Email: childrensfrontdoor@york.gov.uk

Post: The Children's Front Door, West Offices, Station Rise, York, YO1 6GA

Outside office hours, at weekends and on public holidays contact the emergency duty team, telephone: 01609 780780

For more information on Safeguarding children, click here.

 

Crisis and Inpatient care


For a very small number of children and young people, inpatient  hospital care for their mental health condition is needed.  If it is thought that inpatient care is needed, by staff at Lime Trees clinic will discuss this with you.   

If a child or young person is in crisis, the mental health crisis team will be able to offer advice and support between the hours of 10.00 am and 10.00pm.  The service is for young people under the age of 18 years who present following an episode of deliberate self-harm, acute and uncontained emotional distress or display high levels of risk taking behaviour requiring immediate attention in the community. The children and young people’s crisis team is provided by TEWV, and their phone number is 01904 615348.

 

There is also a drop in centre at 31 Clarence St for those over 16, which is open from 6pm-11pm every day for immediate advice and help. 

 

For more information, follow this link.

Critical Incident

The Educational Psychology (EP) Service offers consultation and support to school staff when there has been a critical incident within the school community, such as the death of a member of staff or pupil. Research suggests that children and young people are best supported directly by trusted and familiar staff who can offer ongoing support, so the work of the EP Service is focused on helping Senior Leaders and key staff to manage the situation within school.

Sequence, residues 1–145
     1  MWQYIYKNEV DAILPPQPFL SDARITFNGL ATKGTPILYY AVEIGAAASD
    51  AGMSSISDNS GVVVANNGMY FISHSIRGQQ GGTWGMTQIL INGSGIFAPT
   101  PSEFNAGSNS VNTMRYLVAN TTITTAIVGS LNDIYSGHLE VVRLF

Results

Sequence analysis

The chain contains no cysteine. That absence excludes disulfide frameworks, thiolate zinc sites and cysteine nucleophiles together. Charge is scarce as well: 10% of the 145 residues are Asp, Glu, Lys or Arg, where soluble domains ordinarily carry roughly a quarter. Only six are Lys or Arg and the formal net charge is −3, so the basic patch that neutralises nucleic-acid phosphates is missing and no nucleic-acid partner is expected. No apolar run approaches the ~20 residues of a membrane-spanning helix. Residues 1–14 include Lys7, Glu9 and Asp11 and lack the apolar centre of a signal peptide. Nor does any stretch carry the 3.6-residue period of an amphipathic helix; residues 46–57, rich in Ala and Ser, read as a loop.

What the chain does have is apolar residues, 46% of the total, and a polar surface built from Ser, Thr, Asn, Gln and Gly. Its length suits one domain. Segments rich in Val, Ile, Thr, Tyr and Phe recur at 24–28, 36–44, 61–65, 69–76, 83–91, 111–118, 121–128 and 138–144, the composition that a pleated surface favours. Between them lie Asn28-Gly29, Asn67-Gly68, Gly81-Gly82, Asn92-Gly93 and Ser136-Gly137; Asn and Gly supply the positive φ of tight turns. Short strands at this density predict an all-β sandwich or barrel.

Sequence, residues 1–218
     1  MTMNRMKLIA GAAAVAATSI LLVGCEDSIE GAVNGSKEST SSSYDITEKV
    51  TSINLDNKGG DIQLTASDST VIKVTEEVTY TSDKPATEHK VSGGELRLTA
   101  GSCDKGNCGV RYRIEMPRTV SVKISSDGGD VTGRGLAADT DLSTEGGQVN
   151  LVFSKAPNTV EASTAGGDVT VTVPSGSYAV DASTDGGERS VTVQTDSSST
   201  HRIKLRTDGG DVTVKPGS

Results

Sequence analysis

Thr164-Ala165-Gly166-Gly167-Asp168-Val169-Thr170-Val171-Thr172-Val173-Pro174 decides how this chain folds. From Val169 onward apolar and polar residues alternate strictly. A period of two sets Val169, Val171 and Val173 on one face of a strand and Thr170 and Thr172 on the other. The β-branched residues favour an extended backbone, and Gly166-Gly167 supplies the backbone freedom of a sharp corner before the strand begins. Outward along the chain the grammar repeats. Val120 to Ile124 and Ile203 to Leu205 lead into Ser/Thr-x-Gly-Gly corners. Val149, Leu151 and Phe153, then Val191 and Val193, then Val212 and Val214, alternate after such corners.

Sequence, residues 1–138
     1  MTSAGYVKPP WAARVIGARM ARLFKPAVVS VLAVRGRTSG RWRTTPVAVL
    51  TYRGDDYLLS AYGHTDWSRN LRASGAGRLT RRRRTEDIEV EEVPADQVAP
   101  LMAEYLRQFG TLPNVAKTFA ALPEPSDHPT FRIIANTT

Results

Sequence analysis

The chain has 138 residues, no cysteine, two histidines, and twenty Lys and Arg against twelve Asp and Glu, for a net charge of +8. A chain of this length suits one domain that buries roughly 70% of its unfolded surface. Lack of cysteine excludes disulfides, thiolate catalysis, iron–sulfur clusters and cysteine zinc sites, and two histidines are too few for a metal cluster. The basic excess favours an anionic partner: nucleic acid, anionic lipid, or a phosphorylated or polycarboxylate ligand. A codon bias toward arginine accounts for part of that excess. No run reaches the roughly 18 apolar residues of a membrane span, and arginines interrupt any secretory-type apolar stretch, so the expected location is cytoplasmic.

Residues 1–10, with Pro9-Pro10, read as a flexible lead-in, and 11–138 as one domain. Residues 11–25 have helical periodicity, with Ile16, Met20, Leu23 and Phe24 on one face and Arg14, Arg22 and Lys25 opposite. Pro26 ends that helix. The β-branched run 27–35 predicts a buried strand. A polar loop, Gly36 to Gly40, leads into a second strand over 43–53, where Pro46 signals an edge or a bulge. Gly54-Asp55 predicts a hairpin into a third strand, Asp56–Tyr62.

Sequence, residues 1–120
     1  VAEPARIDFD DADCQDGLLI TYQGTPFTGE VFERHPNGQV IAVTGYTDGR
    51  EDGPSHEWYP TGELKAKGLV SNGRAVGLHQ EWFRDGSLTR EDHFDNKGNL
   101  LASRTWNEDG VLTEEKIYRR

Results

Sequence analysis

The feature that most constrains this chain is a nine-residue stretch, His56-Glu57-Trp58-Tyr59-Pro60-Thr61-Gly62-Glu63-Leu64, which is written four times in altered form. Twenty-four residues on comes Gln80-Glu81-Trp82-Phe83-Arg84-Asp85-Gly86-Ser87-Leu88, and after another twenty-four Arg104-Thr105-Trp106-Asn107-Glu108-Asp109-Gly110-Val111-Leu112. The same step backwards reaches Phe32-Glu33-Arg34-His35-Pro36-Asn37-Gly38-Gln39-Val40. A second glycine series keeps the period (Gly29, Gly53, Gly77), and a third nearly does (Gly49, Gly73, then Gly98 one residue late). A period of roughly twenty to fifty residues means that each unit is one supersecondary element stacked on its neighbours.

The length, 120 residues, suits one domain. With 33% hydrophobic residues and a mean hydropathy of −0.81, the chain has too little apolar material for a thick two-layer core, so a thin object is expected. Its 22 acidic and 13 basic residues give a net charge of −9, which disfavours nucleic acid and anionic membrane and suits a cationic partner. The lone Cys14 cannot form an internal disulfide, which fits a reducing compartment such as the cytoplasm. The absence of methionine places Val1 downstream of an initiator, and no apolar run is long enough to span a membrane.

For the Critical Incident Guide, click here.

Advice and information


There are many websites that can offer advice and information about emotional and mental well being and health, including:

  • Young Minds
  • Mindmate: this is developed for young people in the Leeds area, but has very helpful general advice and information and lots of links to other organisations.

  • Compass Buzz: this is developed for children and young people in North Yorkshire aged 11-18, and again offers advice and links to other organisations.

  • Early Advice and Self Help: TEWV (the local NHS children’s mental health provider) has developed the Recovery College Online.  In the Recovery College webpages, you can find out about approaches to self help and advice and information, and some films  about mental health support.  This information is useful for children and young people, families, and professionals who might be offering support to families.   Anyone can access the website: you have to complete a registration form first,  which includes the first part of your postcode, eg YO23.  Don’t worry, this isn’t used to track you, the Recovery College is only available in certain areas, and the website needs to know that users are from the areas it covers.    
  • There is also advice for parents around Internet usage, follow this link

Last Updated: July 2019